Privately, I spoke to my client contact and, while I was not given any specific details, I came to understand some of the privacy and liability implications surrounding the events that led to this employee’s termination. It was clear to me that management’s hand was forced and that they couldn’t say a whole lot about it to the rest of the organization.

Still, this created fertile ground for rumors to start, assumptions to be made, and distrust to deepen. So often, especially when there are power disparities between groups, we assume the more powerful group has made decisions to deliberately harm the other or, at a minimum, without any real regard for the impact those decisions might have.

So, what can be done? We can’t always include everyone in every decision or tell everyone everything that goes on at every level of the organization. Is there anything organizations can do to maintain legal and ethical boundaries without promoting negative perceptions of treatment by employees?

Organizational Justice and DEI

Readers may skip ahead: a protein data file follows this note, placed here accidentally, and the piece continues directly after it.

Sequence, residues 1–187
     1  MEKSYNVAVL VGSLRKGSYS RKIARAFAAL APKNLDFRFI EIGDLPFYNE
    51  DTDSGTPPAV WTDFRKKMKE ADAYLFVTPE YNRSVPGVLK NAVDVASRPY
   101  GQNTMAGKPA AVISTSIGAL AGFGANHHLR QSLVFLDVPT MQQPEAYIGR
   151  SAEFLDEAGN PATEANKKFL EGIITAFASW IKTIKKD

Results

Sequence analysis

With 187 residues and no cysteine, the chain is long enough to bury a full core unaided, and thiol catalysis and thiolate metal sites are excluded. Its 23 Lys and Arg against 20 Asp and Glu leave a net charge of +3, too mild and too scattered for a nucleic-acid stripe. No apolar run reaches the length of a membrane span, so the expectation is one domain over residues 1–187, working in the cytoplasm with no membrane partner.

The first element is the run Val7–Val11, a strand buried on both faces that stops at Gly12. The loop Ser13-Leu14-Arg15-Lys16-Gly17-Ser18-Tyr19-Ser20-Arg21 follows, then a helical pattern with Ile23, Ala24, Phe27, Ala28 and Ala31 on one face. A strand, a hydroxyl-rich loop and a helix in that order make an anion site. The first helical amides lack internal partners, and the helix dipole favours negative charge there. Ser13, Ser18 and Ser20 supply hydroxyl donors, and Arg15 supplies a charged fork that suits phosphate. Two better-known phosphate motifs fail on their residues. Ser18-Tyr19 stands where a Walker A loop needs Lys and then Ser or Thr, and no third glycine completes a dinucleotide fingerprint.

Organizational justice overlaps greatly with Diversity, Equity, and Inclusion (DEI) issues. The social and economic superstructures that exist in our society are almost always reflected in our organizations. One need only look at pay gaps between white employees and employees of color or between men and women to see examples of distributive injustice across the global workforce. While companies are starting to awaken to the importance of, for example, employee resource groups (ERGs) and the need to better support people who experience discrimination and marginalization, we are a long way from truly opening up space for most employees and, especially, marginalized employees, to truly have a voice that influences behaviors and decisions made at the leadership level.